A design innovation of the late 1940s has made the pitchup problem relatively tractable. Where the airplane’s arrangement permits, a low horizontal tail, located below the wing chord plane extended, alleviates the problem. Wing downwash over a low horizontal tail can be counted upon to drop off, increasing tail upload and causing pitchdown, precisely when wing outer panel separation causes wing-fuselage pitchup. The influence of the vertical position of the horizontal tail was integrated into the Weil-Gray pitchup boundary in 1959 by Kenneth P Spreeman of the NACA Langley Laboratory.
The English Electric Lightning applied the low horizontal tail principle “against strong official insistence from Farnborough that the tail must be placed on top of the fin,” according to John C. Gibson. The prototype first flew in 1954. The first low horizontal tail to appear on aU. S. airplane was on the North American F-100 Super Sabre prototype a year earlier. With its high horizontal tail and low-aspect-ratio wing the Lockheed F-104 has a severe pitchup at the stall. The pilot is given a stick shaker warning of impending pitchup. A stick pusher then causes an automatic recovery. The problem of outer wing panel premature separation at transonic speeds and high angles of attack is still with designers of modern airplanes. Of course, if transonic pitchup is a problem these days, modern digitally implemented stability augmentation can correct the problem by inserting programmed countercommands or prevent it by angle of attack limitation.
The entire period when stability and control engineers grappled with the new problems brought about by flight at transonic Mach numbers is remembered by those involved as a period of great confusion and hard work. In unpublished correspondence, W. Hewitt Phillips remembers that period:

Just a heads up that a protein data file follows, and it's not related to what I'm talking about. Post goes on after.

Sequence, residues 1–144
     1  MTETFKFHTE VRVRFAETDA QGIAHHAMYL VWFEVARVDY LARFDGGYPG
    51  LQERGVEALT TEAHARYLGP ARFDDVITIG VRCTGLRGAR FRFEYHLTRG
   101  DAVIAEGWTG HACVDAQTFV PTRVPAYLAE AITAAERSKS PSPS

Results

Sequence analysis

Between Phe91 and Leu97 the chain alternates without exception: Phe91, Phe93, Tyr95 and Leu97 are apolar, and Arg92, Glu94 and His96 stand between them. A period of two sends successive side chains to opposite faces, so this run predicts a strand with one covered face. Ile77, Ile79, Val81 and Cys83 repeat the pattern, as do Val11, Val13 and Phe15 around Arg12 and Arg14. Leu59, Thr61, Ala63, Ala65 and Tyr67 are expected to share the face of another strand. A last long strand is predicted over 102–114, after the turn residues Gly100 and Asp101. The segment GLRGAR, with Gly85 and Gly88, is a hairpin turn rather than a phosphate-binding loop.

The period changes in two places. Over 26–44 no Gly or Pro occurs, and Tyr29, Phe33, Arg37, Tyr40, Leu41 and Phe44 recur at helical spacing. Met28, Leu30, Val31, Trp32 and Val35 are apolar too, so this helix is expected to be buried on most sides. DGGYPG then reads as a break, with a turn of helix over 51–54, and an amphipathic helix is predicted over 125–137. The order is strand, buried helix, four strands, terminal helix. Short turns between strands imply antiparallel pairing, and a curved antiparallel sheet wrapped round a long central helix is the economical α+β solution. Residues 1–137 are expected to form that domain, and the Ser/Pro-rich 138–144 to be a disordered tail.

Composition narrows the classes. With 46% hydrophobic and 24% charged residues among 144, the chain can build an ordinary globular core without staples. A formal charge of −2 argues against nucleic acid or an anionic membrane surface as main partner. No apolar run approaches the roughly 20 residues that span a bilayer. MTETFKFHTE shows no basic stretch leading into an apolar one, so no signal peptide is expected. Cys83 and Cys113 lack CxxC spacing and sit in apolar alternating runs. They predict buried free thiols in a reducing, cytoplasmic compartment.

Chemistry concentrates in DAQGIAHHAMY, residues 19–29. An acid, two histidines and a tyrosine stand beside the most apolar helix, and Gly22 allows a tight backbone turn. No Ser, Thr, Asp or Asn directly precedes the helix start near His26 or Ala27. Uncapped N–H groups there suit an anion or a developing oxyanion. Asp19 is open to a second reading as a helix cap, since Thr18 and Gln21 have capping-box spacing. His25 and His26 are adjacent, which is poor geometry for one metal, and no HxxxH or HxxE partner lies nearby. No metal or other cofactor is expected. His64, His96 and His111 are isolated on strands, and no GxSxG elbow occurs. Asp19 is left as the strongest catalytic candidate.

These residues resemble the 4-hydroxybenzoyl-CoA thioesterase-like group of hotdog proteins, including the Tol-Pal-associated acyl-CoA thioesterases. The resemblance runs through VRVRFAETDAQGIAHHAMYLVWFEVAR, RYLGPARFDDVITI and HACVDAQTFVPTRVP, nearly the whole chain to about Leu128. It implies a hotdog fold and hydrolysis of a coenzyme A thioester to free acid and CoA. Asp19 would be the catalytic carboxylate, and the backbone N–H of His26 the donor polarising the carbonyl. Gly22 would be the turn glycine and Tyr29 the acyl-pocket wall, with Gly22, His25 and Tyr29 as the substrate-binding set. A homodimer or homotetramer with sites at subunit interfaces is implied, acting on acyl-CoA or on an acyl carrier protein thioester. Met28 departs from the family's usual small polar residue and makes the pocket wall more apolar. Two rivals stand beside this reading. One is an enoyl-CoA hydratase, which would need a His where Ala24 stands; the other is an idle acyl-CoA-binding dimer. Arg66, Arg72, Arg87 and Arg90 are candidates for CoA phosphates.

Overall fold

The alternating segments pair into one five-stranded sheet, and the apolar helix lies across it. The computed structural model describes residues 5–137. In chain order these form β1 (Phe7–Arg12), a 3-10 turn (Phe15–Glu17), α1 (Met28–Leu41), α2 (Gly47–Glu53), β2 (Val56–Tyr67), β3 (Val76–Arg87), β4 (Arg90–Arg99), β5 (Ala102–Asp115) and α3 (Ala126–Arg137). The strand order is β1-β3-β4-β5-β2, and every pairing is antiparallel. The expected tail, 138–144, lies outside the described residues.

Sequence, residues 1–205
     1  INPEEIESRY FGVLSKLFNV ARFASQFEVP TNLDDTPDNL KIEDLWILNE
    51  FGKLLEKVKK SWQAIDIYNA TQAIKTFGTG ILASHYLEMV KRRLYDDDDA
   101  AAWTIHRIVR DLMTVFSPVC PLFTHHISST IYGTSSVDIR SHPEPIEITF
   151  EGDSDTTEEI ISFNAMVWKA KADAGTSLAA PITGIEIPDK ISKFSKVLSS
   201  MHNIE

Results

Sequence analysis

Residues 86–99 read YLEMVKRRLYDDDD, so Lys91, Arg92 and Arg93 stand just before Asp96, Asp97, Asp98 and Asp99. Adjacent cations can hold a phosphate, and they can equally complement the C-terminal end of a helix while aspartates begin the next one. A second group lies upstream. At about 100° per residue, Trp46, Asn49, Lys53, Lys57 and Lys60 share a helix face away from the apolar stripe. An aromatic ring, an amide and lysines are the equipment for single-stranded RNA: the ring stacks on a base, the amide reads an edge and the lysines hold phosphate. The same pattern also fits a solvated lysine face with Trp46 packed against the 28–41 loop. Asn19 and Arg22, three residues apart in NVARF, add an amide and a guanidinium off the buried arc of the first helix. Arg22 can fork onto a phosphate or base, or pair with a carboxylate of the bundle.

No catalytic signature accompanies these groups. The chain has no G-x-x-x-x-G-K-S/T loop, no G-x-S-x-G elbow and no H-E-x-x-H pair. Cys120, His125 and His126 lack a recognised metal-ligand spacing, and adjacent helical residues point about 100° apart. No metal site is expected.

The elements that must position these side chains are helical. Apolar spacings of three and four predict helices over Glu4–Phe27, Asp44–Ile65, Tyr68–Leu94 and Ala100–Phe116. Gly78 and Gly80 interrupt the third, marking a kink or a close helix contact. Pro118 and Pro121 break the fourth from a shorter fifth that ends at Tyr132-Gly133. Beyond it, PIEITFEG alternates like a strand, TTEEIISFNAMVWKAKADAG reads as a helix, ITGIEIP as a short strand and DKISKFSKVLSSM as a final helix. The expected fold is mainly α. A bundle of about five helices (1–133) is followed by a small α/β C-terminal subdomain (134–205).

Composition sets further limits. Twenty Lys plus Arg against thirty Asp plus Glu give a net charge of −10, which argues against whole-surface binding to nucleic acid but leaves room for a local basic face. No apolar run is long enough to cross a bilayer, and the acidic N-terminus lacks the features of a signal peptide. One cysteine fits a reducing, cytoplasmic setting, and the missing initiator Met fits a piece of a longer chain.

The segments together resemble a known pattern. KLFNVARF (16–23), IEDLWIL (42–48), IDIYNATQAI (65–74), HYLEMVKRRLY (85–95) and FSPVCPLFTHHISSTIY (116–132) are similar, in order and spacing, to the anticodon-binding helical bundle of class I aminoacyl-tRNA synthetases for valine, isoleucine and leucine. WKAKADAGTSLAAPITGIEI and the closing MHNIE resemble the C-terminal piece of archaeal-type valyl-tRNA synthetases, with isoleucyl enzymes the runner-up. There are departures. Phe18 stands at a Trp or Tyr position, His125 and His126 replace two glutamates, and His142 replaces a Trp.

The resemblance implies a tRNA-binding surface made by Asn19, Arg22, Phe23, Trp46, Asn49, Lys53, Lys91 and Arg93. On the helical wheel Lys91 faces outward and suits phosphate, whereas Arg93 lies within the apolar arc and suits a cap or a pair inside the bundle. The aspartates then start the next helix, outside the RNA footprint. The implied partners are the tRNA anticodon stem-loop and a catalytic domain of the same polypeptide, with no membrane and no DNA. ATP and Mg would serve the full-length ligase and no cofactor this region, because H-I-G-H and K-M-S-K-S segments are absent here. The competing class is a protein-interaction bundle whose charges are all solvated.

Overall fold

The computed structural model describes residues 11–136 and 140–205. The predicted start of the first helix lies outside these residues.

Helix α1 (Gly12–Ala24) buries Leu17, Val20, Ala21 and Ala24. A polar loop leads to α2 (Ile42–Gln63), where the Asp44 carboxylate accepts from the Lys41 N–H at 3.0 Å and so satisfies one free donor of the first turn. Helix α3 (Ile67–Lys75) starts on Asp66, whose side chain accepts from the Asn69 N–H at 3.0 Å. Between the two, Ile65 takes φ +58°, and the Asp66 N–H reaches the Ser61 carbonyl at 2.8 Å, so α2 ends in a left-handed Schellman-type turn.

[W]ith eachnew discovery a whole generation of new airplanes appeared that solved some of the earlier problems but got into some new ones. When the dive recovery problems appeared on the fighters of World War II one of the reactions was to eliminate the tail. As a result we built the Northrop X-4 and the Vought F7U, and the British built the de Havilland DH 108. All of these airplanes were quite unsuccessful, although the Vought company got their airplane into service and gained a lot of experience on power controls.
After that came the studies of the effects of sweep and aspect ratio, and companies built planes that looked like the earlier unswept versions but with swept wings. These include airplanes like the F9F-6 and the F-84F. About this time came the discovery of notched wings, low tails, etc., and many of the pitchup problems were cured. This generation includes the F8U and the F-100.
Figure 11.14 Boeing B-47 wing showing the locations of the two rows of vortex generators that eliminate transonic pitchup. (From Cook, The Road to the 707, 1991)